Monday, June 11, 2012


...I don't understand the issues that UK adopters (i.e.those whose children were in foster care) have around contact with birth family, because Baby Spouse was not in his birth home after birth. And if you have frequent contact you are just a long term foster carer. I would love to be an advocate for open adoption but I think my views are just being dismissed.  Interestingly I think that a lot of US adopters from foster care have a lot more contact than we imagine we'll have.

We are Baby Spouse's parents. We cannot wish Nella and his birth father away, but we are not foster carers. We are permanent. We are here - she is not.  We want him to recognise her, to know who she is, to see where his features come from (though some of them will come from us, in the same way that couples who have been married for a long time come to look like each other). We don't want him to grow up with a fantasy that she is an heiress who would give him a fabulous life. We don't want him to suddenly decide to seek her out, without support, in his teens.

Nella is not a lovely college student who would have been perfectly capable of parenting, but decided not to. As you will have gathered, there were multiple issues and reasons she would not have been able to parent Baby Spouse. This is pretty common among the situations we were shown while we were waiting. We still think they should have contact and we resent the implication this makes us less his parents.

In other news, I had a GP visit with Baby Spouse today for a long-running but minor issue. I was a little puzzled by the nurse-practitioner's body language when starting to talk about what the issue might be. I understood a little more when she told me that the issue might be something originating before or at birth, and which I would have been vastly less likely to cause than someone in the situation that Nella was in.

You can see why I might not totally be on board with the idea that Baby Spouse has been unaffected by the circumstances surrounding his origins.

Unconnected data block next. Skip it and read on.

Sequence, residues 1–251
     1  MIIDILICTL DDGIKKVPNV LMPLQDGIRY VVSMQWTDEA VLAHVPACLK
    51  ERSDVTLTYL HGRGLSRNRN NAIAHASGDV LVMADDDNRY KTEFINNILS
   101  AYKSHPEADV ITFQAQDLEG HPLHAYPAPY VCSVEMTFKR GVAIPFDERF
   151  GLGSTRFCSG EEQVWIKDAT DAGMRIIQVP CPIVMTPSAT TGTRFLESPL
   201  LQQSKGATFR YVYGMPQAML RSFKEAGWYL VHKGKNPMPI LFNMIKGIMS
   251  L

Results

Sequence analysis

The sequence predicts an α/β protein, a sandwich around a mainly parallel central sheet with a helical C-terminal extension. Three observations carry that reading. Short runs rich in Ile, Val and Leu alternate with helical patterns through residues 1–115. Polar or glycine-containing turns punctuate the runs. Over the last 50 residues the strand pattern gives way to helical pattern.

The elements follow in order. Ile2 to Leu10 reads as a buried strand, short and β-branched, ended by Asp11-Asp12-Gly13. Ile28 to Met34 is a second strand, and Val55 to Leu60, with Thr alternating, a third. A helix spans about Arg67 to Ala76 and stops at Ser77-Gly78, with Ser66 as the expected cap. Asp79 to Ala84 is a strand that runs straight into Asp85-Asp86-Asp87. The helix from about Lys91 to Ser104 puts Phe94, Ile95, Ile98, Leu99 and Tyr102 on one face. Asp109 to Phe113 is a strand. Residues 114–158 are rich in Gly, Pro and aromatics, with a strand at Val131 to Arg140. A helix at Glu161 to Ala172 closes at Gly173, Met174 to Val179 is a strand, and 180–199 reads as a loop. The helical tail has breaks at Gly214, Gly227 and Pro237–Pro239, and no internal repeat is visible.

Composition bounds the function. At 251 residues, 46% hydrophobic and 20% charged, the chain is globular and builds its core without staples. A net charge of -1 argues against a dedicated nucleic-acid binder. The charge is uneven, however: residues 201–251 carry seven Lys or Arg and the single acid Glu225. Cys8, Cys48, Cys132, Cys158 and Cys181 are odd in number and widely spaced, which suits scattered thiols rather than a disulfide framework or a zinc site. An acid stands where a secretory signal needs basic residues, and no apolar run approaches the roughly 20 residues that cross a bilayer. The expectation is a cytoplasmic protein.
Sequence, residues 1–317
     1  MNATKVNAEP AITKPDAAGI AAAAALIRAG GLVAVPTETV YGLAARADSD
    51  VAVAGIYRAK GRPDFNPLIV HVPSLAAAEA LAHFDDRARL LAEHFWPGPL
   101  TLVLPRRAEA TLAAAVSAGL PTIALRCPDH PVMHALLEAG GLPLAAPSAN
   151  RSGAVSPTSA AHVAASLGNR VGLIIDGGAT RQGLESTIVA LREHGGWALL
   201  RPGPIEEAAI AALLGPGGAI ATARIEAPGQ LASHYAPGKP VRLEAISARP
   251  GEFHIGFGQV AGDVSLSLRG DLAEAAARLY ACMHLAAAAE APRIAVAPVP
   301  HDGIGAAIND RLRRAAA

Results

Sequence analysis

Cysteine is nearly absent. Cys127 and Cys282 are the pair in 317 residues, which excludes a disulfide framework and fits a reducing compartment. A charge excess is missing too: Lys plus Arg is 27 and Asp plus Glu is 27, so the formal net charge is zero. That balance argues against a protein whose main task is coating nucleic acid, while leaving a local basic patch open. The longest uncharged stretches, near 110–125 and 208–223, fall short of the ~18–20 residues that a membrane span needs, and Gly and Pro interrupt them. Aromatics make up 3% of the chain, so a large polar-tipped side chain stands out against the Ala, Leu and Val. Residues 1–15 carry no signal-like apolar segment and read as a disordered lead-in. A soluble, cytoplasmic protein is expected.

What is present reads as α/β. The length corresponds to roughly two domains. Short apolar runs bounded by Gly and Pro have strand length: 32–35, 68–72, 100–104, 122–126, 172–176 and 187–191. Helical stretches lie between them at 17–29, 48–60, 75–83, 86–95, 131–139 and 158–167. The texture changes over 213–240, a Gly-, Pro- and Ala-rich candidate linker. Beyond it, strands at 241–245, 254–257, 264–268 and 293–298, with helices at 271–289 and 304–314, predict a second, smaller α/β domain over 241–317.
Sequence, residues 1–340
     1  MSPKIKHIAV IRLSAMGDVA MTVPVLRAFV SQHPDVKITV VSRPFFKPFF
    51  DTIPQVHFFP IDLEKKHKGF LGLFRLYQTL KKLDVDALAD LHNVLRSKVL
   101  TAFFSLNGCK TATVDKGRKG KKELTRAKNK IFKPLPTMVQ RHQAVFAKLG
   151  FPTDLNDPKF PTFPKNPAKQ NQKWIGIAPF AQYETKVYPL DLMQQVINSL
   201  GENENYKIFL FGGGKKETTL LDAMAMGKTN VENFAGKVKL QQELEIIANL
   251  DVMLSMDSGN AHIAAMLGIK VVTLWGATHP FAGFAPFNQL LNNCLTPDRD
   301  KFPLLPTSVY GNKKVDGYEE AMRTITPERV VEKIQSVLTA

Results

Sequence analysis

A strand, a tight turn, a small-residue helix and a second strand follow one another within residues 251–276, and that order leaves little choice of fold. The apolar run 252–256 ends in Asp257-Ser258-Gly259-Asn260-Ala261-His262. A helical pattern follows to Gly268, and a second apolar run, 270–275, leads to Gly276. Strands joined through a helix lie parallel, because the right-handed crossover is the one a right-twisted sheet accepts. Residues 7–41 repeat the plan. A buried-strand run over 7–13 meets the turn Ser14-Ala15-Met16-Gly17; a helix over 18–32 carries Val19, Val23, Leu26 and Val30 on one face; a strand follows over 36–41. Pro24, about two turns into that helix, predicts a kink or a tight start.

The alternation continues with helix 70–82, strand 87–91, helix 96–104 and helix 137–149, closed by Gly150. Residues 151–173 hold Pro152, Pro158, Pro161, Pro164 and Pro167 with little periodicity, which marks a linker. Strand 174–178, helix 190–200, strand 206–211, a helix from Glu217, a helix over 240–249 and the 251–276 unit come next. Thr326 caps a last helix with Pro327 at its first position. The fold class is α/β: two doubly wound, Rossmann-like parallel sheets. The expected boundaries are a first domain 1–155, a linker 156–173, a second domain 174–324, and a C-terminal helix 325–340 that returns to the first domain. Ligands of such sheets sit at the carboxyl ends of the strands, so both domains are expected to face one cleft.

(It looks like I managed to press Publish after only writing a bit of this. Sorry)


Emily said...

I have an issue with the term "foster carer". Carer sounds like we take care of pets or plants. Its cold and impersonal. The reality is that we are parenting thee children. In the US they call us foster parents and with good reason. These children might already have mothers and fathers but we are doing the daily parenting.

nh said...

I think that a lot of UK based adopters don't understand open adoption and the reasons behind it. And to be honest the idea both excites me and scares me. My boy's birth mother couldn't parent him for his safety, does that mean that they shouldn't see him until he's 18 - that's probably unfair on her. But what about the potential damage that could be caused by a visit - even supervised...and she had supervised contact to the boy and siblings, and mostly nothing bad happened, but there are some things in his notes that made me go 'oh'.

I wish for her sake I could do something about it. I wish for her sake I felt able to send photos. I wish I could reassure her more than I am able to with a once a year letter. She worries about him, and the others, I know that because we had that meeting.

I think that we could learn a lot from open adoptions and the potential healing that helps an adopted child. But honestly for me, it's a struggle to accept the harm that has been caused, as well as accept that there might be more.

I view his foster carers as extended family, and if we had contact with birth family, I would hope I would be able to see it in the same light.

I can't imagine an adopted child without some issue at some point arising from adoption, be it in a closed or open adoption. I think that you are amazing for the commitment that you have taken on. And I am sure that it will help baby Spouse in the future.

I'm not sure that I've made much sense. I hope you can follow what I'm saying... part of me wishes for that openess, but part of me is scared and glad it doesn't happen.

DrSpouse said...

That did make a lot of sense, actually, and thank you very much for that comment nh.

Emily said...

I have been thinking about this subject a lot lately. My last set of 3 foster children have been residing with the family that will adopt them for 9 months now. Those folks will go from foster parents with mandated bi weekly parental visits for the kids, to calling all the shots. They are also adopting a sibling due any day via a private domestic adoption. From what I have observed people in the US who adopt from foster care often have little contact with birth parents once the adoption is final. This is often because those birth parents just aren't safe.

My parents adopted 4 kids from foster care in the 1990's. Some contact was maintained with foster parents but almost none with birth parents.

Everyone I know who has done a private domestic adoption has contact with birth parents.

I now have a foster baby who we might eventually adopt. I am being encouraged to form a friendship with the birth mom. Im not sure how I would feel if an adoption actually took place. She has some issues that are probably similar to Nellas.

Im not sure I have a point here but it is interesting food for thought. Thanks for the post. I meant to add more after my rant about foster carers the other day. I still shudder every time I read that term.